Scott Nevins talks childhood, being an openly gay entertainer

    “From a very early age, I knew I was different. And everyone says that, and it’s so cliche, but I really knew I was different.”

    TV host and personality Scott Nevins described his childhood, coming out in college and creating role models for LGBT youth Thursday night during Rainbow Alliance’s spring speaker event.

    “He’s the jack-of-all-trades in the entertainment industry – standup, TV, live theater, movies,” said Zach Wichter, Medill senior and former president of Rainbow Alliance, who introduced Nevins to an audience of about 20 students. “He’s just generally a wonderful guy.”

    Nevins opened his talk with a summary of his childhood, describing his “average, all-American family with two kids, a mom, dad and a dog.” His father, a former Yankees and Red Sox player who then became firefighter, owned a bar near their home in New York.

    “It blew my mind that I’m staying at a hotel across the street from Nevin’s Pub and none of you told me that that was there,” Nevins said. “That’s been Instagrammed already.”

    With a former major league baseball player for a father, Nevins played T-ball as a kid, though he said he only likes watching sports and never enjoyed playing them. He said his dad bribed him with peanut M&M’s before each at-bat.

    “There’s a video of one of my games as a kid,” Nevins said. “The camera pans over all the little boys playing ball, and in the outfield I’m out there with my glove over my face, arms open, spinning, singing the opening to the Sound of Music.”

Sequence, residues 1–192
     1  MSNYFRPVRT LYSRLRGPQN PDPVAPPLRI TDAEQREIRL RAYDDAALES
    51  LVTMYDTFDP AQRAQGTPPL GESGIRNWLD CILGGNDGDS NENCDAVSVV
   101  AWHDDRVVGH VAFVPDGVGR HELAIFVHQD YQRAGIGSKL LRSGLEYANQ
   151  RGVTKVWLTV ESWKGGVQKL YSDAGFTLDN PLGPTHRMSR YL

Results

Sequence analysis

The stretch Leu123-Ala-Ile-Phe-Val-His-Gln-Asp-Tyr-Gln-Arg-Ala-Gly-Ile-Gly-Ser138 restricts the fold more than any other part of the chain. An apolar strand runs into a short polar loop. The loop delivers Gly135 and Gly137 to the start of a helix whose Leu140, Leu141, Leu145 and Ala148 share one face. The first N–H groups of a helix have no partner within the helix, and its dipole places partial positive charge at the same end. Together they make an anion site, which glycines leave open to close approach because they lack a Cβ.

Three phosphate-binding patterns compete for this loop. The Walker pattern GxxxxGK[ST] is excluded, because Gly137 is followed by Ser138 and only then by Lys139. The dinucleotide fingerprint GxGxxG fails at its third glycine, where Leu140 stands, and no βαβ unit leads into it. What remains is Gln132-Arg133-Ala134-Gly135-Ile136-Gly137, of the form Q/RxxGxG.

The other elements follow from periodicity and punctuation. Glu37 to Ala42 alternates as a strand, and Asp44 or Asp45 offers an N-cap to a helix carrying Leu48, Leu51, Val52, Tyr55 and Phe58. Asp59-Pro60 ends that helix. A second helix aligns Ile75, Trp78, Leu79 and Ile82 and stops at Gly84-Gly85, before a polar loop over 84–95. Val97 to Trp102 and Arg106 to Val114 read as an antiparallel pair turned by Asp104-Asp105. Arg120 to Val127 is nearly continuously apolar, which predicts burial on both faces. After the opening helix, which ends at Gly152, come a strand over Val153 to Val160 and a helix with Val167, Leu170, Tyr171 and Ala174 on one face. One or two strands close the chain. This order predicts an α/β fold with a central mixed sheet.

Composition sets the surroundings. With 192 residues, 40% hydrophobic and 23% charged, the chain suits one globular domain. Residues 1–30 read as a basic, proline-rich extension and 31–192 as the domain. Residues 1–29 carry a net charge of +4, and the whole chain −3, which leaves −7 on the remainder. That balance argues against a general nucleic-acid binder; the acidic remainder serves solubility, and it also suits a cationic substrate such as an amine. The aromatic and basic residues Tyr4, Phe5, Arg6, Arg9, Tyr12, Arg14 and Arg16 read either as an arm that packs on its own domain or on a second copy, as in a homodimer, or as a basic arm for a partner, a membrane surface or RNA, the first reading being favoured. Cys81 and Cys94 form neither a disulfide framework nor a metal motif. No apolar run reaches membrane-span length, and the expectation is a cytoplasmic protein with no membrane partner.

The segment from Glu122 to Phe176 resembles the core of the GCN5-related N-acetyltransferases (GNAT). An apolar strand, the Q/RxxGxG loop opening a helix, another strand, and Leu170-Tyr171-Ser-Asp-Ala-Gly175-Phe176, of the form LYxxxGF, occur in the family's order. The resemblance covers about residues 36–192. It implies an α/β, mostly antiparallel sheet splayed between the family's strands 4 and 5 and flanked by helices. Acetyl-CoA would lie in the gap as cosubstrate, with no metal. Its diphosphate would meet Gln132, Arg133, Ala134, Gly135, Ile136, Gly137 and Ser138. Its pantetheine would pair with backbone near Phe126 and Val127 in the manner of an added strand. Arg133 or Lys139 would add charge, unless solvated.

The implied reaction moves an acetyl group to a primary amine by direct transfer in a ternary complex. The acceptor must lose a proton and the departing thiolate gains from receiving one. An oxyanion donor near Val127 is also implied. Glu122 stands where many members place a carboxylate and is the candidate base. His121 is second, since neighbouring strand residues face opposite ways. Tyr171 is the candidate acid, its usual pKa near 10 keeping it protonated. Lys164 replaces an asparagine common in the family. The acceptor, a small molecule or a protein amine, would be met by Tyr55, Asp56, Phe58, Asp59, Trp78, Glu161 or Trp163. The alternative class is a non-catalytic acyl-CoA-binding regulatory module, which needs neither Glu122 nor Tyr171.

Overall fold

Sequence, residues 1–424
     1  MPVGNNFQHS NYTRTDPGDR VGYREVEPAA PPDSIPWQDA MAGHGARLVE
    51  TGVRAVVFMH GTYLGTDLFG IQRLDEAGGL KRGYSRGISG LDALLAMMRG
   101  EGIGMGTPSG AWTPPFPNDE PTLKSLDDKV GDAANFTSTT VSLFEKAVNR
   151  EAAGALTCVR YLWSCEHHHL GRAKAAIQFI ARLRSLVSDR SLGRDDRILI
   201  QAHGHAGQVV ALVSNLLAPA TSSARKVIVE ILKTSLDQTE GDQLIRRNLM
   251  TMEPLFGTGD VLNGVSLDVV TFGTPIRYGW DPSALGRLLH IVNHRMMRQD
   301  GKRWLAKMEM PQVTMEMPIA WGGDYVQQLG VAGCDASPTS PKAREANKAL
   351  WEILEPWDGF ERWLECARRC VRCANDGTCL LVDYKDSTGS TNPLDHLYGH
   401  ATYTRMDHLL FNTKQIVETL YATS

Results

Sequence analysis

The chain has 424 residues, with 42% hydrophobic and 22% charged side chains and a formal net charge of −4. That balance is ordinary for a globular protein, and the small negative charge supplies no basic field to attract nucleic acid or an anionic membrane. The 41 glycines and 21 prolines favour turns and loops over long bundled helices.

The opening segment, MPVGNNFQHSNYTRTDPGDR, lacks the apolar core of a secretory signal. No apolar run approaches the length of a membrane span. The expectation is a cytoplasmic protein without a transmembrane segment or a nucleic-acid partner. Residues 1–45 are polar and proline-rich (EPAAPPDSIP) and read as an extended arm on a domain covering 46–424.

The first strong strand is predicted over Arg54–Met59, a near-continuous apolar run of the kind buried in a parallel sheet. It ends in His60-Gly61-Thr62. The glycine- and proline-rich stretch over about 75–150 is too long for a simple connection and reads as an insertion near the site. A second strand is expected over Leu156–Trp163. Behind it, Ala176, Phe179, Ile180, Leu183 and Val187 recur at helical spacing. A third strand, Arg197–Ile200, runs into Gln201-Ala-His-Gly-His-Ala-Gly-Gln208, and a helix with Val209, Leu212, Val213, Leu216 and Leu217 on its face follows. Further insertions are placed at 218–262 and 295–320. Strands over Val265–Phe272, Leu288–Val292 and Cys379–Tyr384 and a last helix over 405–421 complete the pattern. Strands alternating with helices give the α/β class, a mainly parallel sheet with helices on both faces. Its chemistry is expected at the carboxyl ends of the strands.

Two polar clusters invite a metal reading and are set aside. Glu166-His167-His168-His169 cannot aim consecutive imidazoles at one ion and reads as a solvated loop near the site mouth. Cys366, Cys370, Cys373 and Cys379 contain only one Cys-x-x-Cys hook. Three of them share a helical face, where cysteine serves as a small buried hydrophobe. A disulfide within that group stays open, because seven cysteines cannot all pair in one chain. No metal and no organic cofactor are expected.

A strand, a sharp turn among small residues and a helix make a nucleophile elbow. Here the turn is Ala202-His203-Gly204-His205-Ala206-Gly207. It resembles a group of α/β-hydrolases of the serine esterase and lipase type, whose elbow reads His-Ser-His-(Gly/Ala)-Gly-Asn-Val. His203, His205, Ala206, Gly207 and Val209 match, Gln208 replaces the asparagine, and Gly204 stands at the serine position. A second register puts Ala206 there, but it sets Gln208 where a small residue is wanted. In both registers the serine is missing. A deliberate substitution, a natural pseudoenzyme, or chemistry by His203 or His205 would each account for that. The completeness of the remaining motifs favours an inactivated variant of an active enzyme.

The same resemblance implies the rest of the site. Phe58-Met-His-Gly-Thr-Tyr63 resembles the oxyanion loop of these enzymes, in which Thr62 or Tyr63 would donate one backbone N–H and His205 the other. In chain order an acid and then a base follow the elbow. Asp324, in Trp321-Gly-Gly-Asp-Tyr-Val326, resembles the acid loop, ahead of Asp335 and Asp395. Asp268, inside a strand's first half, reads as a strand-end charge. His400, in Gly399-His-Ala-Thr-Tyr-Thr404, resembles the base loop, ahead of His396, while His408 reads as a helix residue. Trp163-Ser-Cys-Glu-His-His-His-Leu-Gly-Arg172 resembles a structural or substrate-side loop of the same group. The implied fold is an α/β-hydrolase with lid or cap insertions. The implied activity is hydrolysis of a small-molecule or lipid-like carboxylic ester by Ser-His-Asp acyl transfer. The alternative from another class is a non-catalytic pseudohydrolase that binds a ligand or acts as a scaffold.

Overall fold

Nevins attributed his “saving grace” as a child to two people: his “infamous Aunt Grace,” who taught him not to worry about other people’s opinions, and his openly gay uncle (“guncle,” Nevins clarified), now a Hollywood director and writer. Nevins often accompanied his uncle to dinner in Manhattan with his friends, all of whom were successful professionals. Years later, Nevins realized the value of these nights in the city.

    “It gave me something that a lot of people don’t have – a plethora of positive gay role models,” Nevins said. “Today, no matter how many gay characters we have on TV, how many Anderson Coopers, this is still the biggest problem plaguing our community. It’s great that we have Neil Patrick Harris, the It Gets Better videos, but we still have so much further to go. We need more than just a handful.”

    Role models originate from communities themselves, Nevins said, emphasizing that the people in the room serve as role models for the younger LGBT generation.

    “They’re asking, ‘If I go to Northwestern, are there going to be gay people who understand me? Will there be straight people who will accept me?’” Nevins said. “Those are real fears. We need to inspire each other to see a real breakdown of the ‘sheep mentality,’ where people feel they need to fit into a box, a cookie cutter.”

    Nevins also explained what it’s like to be openly gay in the entertainment industry. When asked if producers essentialize him as the “gay comedian,” he said “it’s going to happen” but encouraged aspiring entertainers to use their identities to their advantage and “devise ways to bring it up without making it your calling card.”

    As an example, Nevins recounted a story from his experience as a truTV World’s Dumbest commentator. Early in his career at the show, the producers asked, “Do you want to be the cute gay guy on the show? We have Loni Love, who’s the big, fat, funny black girl. We have Brad Loekle, and he’s gay but more of a bear. We have Judy Gold, and she’s a lesbian.”

    “So I asked, ‘What does that even mean? Why can’t I just be Scott Nevins?’ And they said, of course, of course, but you’ll want to find your spot.’

    “And I said, ‘I did – I’m Scott Nevins. Just trust me.’”


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